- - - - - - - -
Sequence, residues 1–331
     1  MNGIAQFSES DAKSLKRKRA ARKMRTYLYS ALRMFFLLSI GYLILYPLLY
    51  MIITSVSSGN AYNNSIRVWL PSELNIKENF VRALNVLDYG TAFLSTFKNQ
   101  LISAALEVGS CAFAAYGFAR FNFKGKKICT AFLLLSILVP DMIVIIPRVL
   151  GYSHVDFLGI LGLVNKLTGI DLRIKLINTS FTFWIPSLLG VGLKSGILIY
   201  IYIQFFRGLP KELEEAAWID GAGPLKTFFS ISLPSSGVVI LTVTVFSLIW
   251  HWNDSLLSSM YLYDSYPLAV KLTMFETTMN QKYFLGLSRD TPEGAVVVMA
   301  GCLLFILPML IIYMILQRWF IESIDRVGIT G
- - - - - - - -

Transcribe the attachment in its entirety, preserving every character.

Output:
Sequence, residues 1–331
     1  MNGIAQFSES DAKSLKRKRA ARKMRTYLYS ALRMFFLLSI GYLILYPLLY
    51  MIITSVSSGN AYNNSIRVWL PSELNIKENF VRALNVLDYG TAFLSTFKNQ
   101  LISAALEVGS CAFAAYGFAR FNFKGKKICT AFLLLSILVP DMIVIIPRVL
   151  GYSHVDFLGI LGLVNKLTGI DLRIKLINTS FTFWIPSLLG VGLKSGILIY
   201  IYIQFFRGLP KELEEAAWID GAGPLKTFFS ISLPSSGVVI LTVTVFSLIW
   251  HWNDSLLSSM YLYDSYPLAV KLTMFETTMN QKYFLGLSRD TPEGAVVVMA
   301  GCLLFILPML IIYMILQRWF IESIDRVGIT G